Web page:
The savings from redeploying lookouts to the rail work itself is vast - for a national rail operator with up to 200 worksites running in parallel, it can be thousands of pounds per day adding up to millions per year. Add to that efficiency savings when work is completed sooner, and fewer penalties for delayed trains, and the savings multiply. “Automated warning systems are a legal requirement across much of Europe, because of the safety benefits” concludes Stefan Schürch, “but when the cost savings are so huge it becomes an obvious step.”

 

For over ten years Track Warning Systems have been hyped as a track safety and productivity solution. The reality was minimal use and failed pilot schemes such as Automatic Track Warning System (ATWS) installation at 17 key locations in 2002 that were soon removed. Also the Track 02 system that lost its safety approval in 2004 after over a hundred sets had been purchased by Network Rail’s Contractors. Now times are a changing with Network Rail’s successful large scale LOWS initiative. Does this mean a brighter future for Track Warning Systems? With the next generation of ATWS under development, and McNulty requiring the adoption of more efficient continental practice, it would seem so. The Rail Engineer visits ATWS suppliers Zöllner and Schweizer to learn more.
 
Large scale LOWS use

Zöllner’s Frank Peters states that 230 portable LOWS kits have been supplied to Network Rail’s maintenance teams over the past two years. He knows this kit is intensively used as Zöllner have been closely involved in its introduction providing training, a hotline, servicing, repair and annual recalibration service. Frank says “initially we were called out quite a bit, but less so now, as depots get used to the kit”. Network Rail’s standard NR/L3/MTC/SE0206 “Introduction and Management of LOWS Equipment” specifies the competence for its use and the support to be provided by Infrastructure Maintenance Delivery Managers (IMDMs) which includes the need to map locations to establish a pre-determined Safe System of Work (SSoW) and to confirm of radio coverage. Training is the same for the LOWS Controller and the LOWS Lookout. The LOWS competence is deemed to have lapsed if it is not used within 28 days of initial training. Thereafter LOWS must be used at least 10 times in the next three months and once every three months after that.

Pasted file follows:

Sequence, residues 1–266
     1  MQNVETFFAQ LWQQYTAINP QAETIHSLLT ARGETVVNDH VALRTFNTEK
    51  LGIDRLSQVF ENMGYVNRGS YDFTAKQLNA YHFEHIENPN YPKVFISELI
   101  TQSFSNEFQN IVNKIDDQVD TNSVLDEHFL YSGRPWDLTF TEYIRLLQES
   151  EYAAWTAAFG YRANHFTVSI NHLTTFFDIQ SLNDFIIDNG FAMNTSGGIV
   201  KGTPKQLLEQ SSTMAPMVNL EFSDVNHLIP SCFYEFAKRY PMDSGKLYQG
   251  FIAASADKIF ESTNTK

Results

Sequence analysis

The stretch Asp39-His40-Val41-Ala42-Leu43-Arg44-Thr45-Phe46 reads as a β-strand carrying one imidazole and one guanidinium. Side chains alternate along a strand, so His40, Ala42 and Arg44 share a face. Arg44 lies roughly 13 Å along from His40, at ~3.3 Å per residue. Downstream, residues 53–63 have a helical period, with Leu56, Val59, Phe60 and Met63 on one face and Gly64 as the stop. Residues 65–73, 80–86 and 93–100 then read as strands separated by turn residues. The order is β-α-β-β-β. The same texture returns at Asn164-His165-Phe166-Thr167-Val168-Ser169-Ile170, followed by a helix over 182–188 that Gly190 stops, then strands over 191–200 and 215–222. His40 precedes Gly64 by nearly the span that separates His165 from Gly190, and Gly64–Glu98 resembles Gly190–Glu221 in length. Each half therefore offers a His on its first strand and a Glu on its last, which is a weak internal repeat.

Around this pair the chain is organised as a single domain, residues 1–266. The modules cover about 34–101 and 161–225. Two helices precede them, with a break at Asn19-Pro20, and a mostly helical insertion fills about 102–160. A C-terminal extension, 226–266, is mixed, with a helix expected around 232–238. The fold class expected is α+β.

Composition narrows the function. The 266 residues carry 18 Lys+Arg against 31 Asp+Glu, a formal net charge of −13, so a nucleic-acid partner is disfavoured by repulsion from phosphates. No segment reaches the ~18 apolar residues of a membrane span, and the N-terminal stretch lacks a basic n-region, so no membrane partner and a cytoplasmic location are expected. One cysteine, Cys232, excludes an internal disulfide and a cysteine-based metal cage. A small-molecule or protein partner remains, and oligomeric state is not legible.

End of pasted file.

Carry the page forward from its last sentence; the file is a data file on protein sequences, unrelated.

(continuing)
Network Rail’s successful LOWS implementation is due to the work of Track Warning Systems (TWS) Steering Group and those in the maintenance organisation who have driven its introduction though some depots immediately saw its benefits and made more use of LOWS than others. No doubt the use of LOWS will increase as, with large scale use, its benefits become clear to all. The time to set up and test a LOWS SSoW is very similar to that for conventional Lookout.